The second episode, to be released around March 20th, will discuss Pope Francis’s controversial canonization of mission founder Junipero Serra, which sparked protest from Native American groups about Spain’s ill treatment of indigenous populations.  McLaughlin also touches upon disease, fire and earthquakes, and the rebuilding of the missions and closes with his favourite missions.  

Thanks for listening, subscribing and sharing. 

Feb 18, 2016

In this second episode (27 minutes), we discuss Chandler’s ups and downs with Hollywood and his indirect role as crime fiction’s leader. Williams shares some of the stand out moments (and archival gems) in writing Chandler's biography as well as his favourite on-screen Marlowe. 

Next time, California’s Spanish Missions.

Thanks for listening, subscribing and sharing. 


Feb 5, 2016

The Big Sleep, Farewell my Lovely, the Long Goodbye….novels which constitute an integral part to the canon of crime fiction, all penned by Raymond Chandler. Chandler, a US citizen brought up in the UK, had a number of professions before taking up writing at the age of 44. Chandler churned out a number of novels, introducing the literary world to the character Philip Marlowe, private detective.  

Tom Williams, author of A Mysterious Something in the Light, spent six years researching Chandler’s life and provides an intimate look into Chandler’s life, his stories and his influence. 

In this first episode (28 minutes) of two, Williams provides the context of Chandler’s writing, giving an exhaustive overview of Chandler’s complex personal life, his relationships and his increasing alcoholism, which led to his sacking and launched his writing career en vrai. Williams also discusses Los Angeles’s state of corruption during this time, which served as an important backdrop for Chandler’s writing. Williams also touches on how Chandler developed and wrote his novels.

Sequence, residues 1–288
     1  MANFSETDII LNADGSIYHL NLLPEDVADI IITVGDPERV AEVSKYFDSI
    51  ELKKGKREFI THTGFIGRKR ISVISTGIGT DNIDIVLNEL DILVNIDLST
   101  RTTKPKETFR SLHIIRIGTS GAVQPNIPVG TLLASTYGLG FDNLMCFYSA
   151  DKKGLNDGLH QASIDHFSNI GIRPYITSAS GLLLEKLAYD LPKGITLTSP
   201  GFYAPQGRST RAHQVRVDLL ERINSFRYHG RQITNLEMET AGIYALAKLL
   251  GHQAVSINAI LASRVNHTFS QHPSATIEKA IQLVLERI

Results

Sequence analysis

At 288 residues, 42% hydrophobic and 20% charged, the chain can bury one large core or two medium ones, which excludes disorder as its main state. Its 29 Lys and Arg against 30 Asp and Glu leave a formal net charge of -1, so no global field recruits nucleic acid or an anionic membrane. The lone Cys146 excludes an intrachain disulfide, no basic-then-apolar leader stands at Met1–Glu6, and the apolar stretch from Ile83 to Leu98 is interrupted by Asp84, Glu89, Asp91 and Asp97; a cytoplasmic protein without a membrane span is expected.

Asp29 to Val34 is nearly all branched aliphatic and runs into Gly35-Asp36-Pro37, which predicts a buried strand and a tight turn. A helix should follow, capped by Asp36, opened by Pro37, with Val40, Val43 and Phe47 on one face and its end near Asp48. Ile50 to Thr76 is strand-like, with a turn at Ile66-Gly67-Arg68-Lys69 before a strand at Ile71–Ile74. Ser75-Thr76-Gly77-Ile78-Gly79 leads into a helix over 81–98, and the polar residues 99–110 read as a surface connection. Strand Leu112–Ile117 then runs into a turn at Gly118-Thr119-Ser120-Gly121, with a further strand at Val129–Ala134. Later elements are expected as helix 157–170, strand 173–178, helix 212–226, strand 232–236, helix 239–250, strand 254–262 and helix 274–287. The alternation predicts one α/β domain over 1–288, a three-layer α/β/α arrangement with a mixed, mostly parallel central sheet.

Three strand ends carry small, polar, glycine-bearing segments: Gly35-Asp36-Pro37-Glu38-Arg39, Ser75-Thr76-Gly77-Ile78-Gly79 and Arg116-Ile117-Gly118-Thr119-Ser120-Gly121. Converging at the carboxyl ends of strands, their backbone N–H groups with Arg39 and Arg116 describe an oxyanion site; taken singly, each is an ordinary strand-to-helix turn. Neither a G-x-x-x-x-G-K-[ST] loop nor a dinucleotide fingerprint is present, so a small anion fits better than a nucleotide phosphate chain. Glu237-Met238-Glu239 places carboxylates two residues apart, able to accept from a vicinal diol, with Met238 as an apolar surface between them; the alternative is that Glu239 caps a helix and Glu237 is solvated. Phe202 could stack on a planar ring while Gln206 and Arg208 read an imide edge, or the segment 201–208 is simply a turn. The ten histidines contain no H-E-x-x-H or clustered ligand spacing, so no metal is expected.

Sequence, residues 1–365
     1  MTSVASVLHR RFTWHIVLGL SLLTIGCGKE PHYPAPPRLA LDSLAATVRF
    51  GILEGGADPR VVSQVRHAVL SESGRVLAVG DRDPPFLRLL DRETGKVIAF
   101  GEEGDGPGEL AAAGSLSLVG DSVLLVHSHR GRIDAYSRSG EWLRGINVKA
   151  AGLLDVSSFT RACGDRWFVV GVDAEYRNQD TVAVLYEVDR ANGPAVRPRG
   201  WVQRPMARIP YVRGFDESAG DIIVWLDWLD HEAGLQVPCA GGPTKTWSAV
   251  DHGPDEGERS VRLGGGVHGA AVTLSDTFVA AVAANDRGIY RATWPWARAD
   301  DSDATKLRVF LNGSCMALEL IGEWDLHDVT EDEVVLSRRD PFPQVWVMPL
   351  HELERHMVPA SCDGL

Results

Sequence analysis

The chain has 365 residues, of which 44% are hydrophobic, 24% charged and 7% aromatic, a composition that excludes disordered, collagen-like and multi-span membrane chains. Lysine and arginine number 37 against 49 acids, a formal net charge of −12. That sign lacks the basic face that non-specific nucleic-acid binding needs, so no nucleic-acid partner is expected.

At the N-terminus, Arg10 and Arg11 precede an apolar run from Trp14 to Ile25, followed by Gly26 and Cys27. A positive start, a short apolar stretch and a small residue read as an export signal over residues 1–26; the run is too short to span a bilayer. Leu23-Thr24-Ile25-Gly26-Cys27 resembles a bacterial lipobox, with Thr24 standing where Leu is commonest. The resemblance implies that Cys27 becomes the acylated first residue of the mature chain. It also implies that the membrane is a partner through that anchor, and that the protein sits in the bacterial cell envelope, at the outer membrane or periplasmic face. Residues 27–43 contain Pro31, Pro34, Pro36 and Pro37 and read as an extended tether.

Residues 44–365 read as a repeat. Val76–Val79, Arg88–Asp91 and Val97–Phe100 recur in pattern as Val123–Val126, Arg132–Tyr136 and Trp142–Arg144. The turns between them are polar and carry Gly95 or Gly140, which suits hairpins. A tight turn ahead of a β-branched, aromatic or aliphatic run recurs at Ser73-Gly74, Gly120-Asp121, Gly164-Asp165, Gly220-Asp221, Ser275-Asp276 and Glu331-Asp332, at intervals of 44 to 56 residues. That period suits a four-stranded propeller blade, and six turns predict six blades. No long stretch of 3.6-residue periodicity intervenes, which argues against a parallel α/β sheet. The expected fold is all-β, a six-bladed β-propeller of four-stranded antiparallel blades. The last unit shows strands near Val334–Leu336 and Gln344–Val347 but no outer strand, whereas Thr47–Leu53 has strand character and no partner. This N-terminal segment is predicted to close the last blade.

Episode two will be aired about 20 February, covering Chandler’s relationship with Hollywood as a screen writer and his role as torchbearer for crime fiction, with his essay "The Simple Art of Murder".  In addition, Williams discusses how he became involved with Chandler’s work, the thrill of going through Chandler’s archives in Oxford and at UCLA, Chandler and the development of Los Angeles and his favourite on-screen Marlowe (Humphrey Bogart or Elliot Gould).  

Thanks for listening, subscribing, sharing.


Jan 21, 2016

The 6th street bridge is dead! Long live the 6th street bridge! 

Photographer Kevin Break has been photographing downtown LA’s bridges for over 20 years. As the iconic 6th street bridge is being demolished, Break provides listeners with a history of the dozen bridges that span the LA River, comments on the replacement bridge and reflects on its eery silence and the unexpected nature in the concrete-lined river. He shares the logistics of going into the river and why 2am is the best time to shoot photos. He ends with how the Jesus Wall came into existence, the impact of going digital and the importance of archiving….26 minutes.